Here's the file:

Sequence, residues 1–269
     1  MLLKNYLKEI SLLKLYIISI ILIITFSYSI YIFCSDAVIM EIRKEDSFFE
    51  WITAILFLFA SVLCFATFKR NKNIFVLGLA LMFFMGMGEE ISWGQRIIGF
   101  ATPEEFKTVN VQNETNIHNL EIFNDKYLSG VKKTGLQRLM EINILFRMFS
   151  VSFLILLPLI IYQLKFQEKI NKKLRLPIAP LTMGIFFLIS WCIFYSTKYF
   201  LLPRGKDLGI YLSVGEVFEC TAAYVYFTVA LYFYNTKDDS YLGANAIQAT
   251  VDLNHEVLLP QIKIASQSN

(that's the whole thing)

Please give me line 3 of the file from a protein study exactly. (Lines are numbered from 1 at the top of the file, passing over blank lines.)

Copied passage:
    51  WITAILFLFA SVLCFATFKR NKNIFVLGLA LMFFMGMGEE ISWGQRIIGF